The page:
Liz Hough takes inspiration from the rugged Cornish landscape, especially that which surrounds her home in St Ives, where she continues the Modern British tradition of abstract landscape painting. She is drawn to the contrast offered up by Cornwall, ‘it’s so beautiful but there is a harshness that intertwines with it. Not only the capricious light and weather, but the poverty and the scars left by the mining industry,’
Her work investigates the architecture of the landscape in an almost geological manner. She is inspired by ‘the bones of the landscape,’ the great blocks of granite left in a long-forgotten quarry, the decaying tin mines, the erosion which bites into the edges of the coast. She sees these elements as indicators of story, the process of painting becoming a form of re-telling. Liz is interested in the way the landscape seems to reclaim these man-made interruptions, re-wilding them, interpolating them back into the earth.
The construction of her paintings mirrors the geological architecture of the landscape which inspires them. She begins by allowing the colours of the landscape to wash over her on her walks, carrying these impressions back to her studio. She will then disgorge them on bits of paper, mixing a palette which describes the specific feeling of place she has just experienced. It might be the turquoises and greens of a midsummer day, or the burnt oranges and umbers of Autumn. Collage is an important element of the painting laying the foundation for overlaying layers of paint.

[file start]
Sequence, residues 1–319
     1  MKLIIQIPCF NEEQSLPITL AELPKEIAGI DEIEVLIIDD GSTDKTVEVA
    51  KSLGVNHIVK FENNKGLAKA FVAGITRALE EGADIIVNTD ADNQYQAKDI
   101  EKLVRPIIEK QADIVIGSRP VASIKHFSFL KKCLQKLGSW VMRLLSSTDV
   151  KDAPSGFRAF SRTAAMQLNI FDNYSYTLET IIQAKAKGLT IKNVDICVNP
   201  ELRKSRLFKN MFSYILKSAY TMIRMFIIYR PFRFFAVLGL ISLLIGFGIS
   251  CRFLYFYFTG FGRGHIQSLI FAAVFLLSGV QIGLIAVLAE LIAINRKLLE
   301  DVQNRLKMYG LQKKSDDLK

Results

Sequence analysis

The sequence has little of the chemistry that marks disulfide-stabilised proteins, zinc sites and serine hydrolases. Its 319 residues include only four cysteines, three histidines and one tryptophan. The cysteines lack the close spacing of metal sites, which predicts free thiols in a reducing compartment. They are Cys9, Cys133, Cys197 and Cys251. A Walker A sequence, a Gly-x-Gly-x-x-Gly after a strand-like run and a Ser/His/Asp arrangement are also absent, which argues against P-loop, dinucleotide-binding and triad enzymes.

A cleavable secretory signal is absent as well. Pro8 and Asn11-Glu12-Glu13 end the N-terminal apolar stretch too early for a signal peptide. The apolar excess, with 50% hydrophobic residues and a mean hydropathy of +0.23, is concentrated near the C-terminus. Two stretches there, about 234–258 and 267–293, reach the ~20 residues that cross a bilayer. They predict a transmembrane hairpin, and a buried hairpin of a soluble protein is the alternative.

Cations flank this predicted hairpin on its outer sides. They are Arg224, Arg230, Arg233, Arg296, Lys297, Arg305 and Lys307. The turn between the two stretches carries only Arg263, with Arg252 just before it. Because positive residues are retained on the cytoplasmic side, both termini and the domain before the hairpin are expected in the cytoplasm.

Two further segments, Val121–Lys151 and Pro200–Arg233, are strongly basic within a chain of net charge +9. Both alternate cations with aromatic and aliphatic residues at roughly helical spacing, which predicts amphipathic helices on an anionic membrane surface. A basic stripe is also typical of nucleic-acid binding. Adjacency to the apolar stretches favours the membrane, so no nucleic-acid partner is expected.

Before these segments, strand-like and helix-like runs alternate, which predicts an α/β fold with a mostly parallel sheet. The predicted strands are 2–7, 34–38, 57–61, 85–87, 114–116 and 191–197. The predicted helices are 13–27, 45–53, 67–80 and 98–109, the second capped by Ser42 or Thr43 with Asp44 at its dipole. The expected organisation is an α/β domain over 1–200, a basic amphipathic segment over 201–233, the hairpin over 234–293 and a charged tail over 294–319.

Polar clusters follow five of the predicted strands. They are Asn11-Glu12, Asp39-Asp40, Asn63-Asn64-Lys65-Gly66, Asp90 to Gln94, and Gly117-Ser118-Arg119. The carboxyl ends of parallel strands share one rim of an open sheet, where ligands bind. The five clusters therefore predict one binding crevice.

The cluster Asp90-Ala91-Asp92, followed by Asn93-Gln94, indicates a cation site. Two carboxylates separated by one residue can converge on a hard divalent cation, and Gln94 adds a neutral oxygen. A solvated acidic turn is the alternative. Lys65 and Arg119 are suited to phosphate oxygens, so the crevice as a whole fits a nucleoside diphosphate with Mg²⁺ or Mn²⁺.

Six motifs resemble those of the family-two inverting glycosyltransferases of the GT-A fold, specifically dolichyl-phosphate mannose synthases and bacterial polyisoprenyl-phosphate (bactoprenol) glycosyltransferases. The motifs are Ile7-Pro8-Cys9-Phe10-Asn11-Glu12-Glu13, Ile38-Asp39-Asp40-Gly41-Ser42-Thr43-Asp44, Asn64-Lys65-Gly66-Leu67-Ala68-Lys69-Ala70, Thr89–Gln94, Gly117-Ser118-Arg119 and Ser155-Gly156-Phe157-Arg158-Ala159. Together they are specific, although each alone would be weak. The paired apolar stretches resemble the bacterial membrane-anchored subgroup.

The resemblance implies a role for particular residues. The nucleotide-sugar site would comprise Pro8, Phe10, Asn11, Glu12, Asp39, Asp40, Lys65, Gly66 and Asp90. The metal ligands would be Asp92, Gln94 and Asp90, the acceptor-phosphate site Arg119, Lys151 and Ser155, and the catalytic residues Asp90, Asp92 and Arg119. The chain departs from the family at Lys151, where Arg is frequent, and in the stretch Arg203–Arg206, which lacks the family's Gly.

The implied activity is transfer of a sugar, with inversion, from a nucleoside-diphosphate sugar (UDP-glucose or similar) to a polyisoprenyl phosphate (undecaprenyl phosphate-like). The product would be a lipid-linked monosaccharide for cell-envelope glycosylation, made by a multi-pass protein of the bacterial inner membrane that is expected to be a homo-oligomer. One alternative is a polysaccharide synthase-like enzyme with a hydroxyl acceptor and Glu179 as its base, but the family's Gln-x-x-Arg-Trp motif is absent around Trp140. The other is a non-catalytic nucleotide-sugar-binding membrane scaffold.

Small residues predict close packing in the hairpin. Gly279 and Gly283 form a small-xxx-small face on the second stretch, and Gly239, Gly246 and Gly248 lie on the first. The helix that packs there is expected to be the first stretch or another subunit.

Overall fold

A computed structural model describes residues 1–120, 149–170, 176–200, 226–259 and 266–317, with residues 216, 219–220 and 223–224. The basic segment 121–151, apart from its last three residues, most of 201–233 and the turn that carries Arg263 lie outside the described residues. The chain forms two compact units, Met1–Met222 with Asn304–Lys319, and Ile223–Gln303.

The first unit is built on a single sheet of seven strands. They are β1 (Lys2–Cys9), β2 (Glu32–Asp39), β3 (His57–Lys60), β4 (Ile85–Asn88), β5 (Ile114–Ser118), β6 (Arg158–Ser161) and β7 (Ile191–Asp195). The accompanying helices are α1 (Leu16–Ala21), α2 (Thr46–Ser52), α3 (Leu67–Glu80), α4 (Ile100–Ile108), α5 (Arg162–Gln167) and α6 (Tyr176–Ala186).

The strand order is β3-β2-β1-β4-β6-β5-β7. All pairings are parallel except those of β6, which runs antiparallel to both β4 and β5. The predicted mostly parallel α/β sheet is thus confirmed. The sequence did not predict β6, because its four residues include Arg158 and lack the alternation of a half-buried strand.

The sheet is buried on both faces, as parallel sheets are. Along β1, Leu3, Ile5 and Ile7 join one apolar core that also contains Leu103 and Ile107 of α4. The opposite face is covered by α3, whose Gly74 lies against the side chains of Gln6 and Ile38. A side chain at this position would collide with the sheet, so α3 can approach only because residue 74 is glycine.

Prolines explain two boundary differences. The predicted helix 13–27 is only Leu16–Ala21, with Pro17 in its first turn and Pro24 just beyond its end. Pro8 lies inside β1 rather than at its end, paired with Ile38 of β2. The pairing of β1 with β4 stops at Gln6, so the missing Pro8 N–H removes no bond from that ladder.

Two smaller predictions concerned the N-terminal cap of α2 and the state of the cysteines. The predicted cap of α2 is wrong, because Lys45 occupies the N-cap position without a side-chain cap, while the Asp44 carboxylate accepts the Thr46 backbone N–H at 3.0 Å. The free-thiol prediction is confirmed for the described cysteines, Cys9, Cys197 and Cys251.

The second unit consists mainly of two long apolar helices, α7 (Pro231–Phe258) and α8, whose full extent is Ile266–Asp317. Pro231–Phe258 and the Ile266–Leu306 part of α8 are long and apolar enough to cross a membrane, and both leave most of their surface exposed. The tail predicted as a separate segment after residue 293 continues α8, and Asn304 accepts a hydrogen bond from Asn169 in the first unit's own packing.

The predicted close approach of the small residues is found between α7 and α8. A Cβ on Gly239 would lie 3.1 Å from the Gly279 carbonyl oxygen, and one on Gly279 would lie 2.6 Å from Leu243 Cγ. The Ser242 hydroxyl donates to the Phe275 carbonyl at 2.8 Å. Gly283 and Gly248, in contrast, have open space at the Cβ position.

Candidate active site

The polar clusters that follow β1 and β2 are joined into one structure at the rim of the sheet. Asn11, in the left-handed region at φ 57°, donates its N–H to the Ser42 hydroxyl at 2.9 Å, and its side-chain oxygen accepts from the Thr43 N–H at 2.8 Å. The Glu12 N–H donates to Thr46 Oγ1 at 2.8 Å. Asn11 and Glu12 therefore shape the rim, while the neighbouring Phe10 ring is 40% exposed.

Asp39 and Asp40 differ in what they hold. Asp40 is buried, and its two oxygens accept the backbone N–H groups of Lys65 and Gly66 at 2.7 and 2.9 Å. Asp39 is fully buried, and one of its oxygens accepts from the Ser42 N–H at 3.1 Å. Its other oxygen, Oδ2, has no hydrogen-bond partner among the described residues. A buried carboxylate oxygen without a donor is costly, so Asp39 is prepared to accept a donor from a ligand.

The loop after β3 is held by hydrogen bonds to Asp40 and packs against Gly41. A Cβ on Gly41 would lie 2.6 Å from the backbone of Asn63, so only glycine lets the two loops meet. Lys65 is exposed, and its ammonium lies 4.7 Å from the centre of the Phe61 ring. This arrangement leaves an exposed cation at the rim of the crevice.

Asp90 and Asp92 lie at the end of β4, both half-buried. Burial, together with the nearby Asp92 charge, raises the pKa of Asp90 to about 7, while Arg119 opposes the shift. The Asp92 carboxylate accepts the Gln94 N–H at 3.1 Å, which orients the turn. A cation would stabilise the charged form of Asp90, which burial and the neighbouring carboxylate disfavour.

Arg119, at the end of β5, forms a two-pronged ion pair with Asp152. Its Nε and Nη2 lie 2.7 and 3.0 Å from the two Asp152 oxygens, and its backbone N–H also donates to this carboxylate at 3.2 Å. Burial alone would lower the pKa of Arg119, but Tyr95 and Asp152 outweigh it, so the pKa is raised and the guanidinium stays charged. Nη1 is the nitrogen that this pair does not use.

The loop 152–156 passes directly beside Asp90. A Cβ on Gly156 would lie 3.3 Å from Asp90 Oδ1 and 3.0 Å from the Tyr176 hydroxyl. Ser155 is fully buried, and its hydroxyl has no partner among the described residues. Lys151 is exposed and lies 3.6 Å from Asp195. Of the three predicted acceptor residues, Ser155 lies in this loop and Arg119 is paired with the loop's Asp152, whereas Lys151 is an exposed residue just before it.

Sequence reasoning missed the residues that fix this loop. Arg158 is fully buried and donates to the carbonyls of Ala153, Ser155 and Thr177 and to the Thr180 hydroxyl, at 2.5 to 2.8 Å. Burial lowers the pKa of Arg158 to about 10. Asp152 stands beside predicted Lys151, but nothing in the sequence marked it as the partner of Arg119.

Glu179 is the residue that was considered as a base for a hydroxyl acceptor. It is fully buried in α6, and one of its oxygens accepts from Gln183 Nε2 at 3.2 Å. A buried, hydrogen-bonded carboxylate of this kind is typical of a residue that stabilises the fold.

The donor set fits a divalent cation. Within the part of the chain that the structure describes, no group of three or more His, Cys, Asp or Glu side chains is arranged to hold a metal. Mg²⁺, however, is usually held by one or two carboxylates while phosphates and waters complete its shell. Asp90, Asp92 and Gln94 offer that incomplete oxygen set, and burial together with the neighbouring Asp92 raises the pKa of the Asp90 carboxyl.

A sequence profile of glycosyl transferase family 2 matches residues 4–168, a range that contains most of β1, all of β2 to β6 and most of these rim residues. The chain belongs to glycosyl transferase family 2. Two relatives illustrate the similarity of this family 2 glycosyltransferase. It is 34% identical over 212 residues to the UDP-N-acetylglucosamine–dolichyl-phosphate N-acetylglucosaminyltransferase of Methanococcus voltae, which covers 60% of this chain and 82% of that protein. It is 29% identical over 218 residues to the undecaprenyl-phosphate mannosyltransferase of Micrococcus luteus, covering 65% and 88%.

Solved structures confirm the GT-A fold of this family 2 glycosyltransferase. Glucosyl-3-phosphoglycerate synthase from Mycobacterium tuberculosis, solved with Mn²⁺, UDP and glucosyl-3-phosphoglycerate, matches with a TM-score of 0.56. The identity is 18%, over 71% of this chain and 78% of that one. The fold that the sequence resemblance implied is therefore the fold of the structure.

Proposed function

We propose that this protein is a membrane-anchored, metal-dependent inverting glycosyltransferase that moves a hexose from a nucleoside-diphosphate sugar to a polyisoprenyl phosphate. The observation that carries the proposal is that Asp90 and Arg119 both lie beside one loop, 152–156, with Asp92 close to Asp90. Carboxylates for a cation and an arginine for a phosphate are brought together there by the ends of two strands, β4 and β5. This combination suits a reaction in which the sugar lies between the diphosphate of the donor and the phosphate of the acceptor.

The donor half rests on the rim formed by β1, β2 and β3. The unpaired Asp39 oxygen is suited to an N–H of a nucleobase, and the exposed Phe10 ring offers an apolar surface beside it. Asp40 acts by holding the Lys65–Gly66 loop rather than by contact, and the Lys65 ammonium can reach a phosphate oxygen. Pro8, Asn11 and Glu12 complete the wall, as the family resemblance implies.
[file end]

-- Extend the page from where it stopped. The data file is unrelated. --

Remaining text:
This latest series of paintings have been inspired from the view from Trevalgan Hill in St Ives. From this vantage point, Liz is presented with a wonderful 360 degree panoramic view over St Ives, Camborne, and Padstow. The hills seen from Trevalgan Hill crop up often in her work.
Liz Hough was born in 1966. Studied Fine Art at Manchester, then completed her Post Graduate studies at the RA Schools in 1991. Her achievements include Leverhulme Trust and Landseer Scholarships, Daler Rowney Prize at the RA Summer Exhibition and Creswick Prize for Landscape Painting at the Royal Academy Premiums Exhibition.